THIS AVALANCHE ADVISORY EXPIRED ON February 6, 2019 @ 6:40 am
Avalanche Advisory published on February 5, 2019 @ 6:40 am
Issued by Melissa Hendrickson - Idaho Panhandle Avalanche Center

St. Regis Basin/Silver Valley

bottom line

Brrrrrr!  The weekends storms came in warm and left cold which helped them bond well to the crust underneath.  Heads ups for wind slabs in different locations than usual, the winds have been coming out of the north with this cold weather.  The cold also means the snow is very low density, loose dry slides could be a problem that can knock you off your feet in steep terrain.  And we can't forget to mention our buried persistent weak layer

How to read the advisory

St. Regis Basin/Silver Valley

How to read the advisory

Brrrrrr!  The weekends storms came in warm and left cold which helped them bond well to the crust underneath.  Heads ups for wind slabs in different locations than usual, the winds have been coming out of the north with this cold weather.  The cold also means the snow is very low density, loose dry slides could be a problem that can knock you off your feet in steep terrain.  And we can't forget to mention our buried persistent weak layer

2. Moderate

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Above Treeline
Heightened avalanche conditions on specific terrain features. Evaluate snow and terrain carefully; identify features of concern.

2. Moderate

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Near Treeline
Heightened avalanche conditions on specific terrain features. Evaluate snow and terrain carefully; identify features of concern.

1. Low

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Below Treeline
Generally safe avalanche conditions. Watch for unstable snow on isolated terrain features.
    Heightened avalanche conditions on specific terrain features. Evaluate snow and terrain carefully; identify features of concern.
Avalanche Problem 1: Wind Slab
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The cold artic air means that we have transport winds coming from the north, but they have been switching directions as we are right on the edge of the cold weather area.  Heads up out there for wind slabs developing on the ridges and open areas.  Look for chalky, pillow like, hollow sounding snow.  Expect wind slabs to continue to form due to cold weather and low snow density, it will take the new snow longer to settle and bond together so it is still avaliable for transport.

Avalanche Problem 2: Persistent Slab
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Fortunately the warm weather on Friday and Saturday destroyed the crop of surface hoar that had formed last week. Unfortunately still down there is the buried layer from January.  Check for it in shaded and sheltered northern aspects such as big open timber and sheltered draws.  Dig down to assess and don't let it catch you by surprise. 

Avalanche Problem 3: Loose Dry
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Cold smoke blower powder, the likes of which we really haven't had yet this winter!  The low density of this snow and the cold temperatures mean the new snow isn't consolidating fast into slabs.  Sloughing is easy in steep terrain over 40o. This loose snow can surprise a rider and is enough to take someone for a ride into a tree or over a cliff if they aren't careful.  Luckily for us, this snow is very fun to ride or slide in on more conservative terrain.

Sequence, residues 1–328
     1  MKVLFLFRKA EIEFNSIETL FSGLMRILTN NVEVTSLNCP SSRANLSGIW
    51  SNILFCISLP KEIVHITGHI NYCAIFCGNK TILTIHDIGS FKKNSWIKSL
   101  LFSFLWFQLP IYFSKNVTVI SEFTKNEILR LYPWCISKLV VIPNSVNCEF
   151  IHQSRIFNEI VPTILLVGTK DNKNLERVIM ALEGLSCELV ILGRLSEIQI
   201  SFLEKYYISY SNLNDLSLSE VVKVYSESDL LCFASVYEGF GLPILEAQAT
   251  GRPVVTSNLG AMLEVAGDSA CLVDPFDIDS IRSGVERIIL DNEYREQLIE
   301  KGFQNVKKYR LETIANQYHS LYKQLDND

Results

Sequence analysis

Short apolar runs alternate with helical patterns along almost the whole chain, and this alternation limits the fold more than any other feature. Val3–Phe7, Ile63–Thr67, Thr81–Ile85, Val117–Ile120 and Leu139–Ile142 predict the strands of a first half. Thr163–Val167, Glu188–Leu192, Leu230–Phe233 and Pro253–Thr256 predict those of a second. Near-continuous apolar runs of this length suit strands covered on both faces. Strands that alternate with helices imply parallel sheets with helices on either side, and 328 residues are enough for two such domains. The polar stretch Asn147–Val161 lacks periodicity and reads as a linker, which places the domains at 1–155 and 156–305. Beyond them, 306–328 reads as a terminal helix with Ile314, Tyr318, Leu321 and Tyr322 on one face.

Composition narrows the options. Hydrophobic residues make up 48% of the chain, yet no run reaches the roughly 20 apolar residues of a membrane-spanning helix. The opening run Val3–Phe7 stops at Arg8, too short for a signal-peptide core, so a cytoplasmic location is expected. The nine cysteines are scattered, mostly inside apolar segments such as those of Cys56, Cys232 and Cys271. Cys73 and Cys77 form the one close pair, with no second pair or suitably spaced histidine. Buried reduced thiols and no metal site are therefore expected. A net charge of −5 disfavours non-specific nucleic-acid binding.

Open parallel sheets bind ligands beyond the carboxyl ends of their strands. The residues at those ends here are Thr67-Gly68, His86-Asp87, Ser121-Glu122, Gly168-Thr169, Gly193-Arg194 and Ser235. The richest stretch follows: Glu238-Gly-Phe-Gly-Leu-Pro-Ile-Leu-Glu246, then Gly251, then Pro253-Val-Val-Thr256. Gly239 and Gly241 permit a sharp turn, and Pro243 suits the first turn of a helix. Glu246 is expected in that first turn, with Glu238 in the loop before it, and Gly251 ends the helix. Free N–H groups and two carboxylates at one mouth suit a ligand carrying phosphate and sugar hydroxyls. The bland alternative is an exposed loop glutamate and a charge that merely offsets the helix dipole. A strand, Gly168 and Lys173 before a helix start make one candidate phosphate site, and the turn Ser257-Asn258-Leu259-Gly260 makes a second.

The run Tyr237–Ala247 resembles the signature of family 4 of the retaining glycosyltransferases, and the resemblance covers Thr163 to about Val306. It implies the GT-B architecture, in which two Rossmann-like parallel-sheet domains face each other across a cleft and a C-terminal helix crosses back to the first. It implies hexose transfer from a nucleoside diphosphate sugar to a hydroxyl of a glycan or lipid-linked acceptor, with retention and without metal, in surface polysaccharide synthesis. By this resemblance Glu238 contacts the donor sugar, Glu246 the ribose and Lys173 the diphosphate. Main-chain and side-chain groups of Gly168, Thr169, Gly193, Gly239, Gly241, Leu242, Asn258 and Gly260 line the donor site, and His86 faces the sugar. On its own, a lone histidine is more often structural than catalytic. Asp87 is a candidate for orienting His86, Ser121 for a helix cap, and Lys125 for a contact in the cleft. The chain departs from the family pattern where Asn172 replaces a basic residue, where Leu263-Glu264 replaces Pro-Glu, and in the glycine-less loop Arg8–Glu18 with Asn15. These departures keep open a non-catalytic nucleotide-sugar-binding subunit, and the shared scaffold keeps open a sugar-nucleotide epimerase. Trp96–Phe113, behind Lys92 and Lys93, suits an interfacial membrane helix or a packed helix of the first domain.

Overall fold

recent observations

Not of concern today, but might be soon as these cold temperatures hang around at least into the weekend is near surface faceting in the snowpack.  The warm, wet weather on Friday and Saturday froze into solid crusts that are now buried under 6" to 8" of light, fluffy, cold powder.  This crust layer is enough of a barrier in the snowpack to hamper temperature movement so we might see some faceting associated with this crust layer.  We'll find out Thursday!  

Once again, thank you everyone for observations, especially Silver Mountain for their help with Tuesday's forecast.  

Weather and CURRENT CONDITIONS
Two-Day Mountain Weather Forecast Produced in partnership with the Spokane NWS
For 2000 ft. to 4000 ft.
Tuesday Tuesday Night Wednesday
Weather: Chance Snow Chance Snow Showers Mostly Sunny
Temperatures: 22 deg. F. 12 deg. F. 19 deg. F.
Wind Direction: NE N NE
Wind Speed: 10-15 5-8 NE
Expected snowfall: <1" in. <0.5" in. 0 in.
For 4000 ft. to 6000 ft.
Tuesday Tuesday Night Wednesday
Weather: Snow Showers LIkely Chance Snow Showers Slight Chance Snow Showers
Temperatures: 13 deg. F. 6 deg. F. 10 deg. F.
Wind Direction: S E NE
Wind Speed: 5-9 5-8 6-8
Expected snowfall: 1" in. 1-2 in. 0 in.
Disclaimer

Avalanche conditions change for better or worse continually. Backcountry travelers should be prepared to assess current conditions for themselves, plan their routes of travel accordingly, and never travel alone. Backcountry travelers can reduce their exposure to avalanche hazards by utilizing timbered trails and ridge routes and by avoiding open and exposed terrain with slope angles of 30 degrees or more. Backcountry travelers should carry the necessary avalanche rescue equipment such as a shovel, avalanche probe or probe ski poles, a rescue beacon and a well-equipped first aid kit.  For a recorded version of the Avalanche Advisory call (208)765-7323.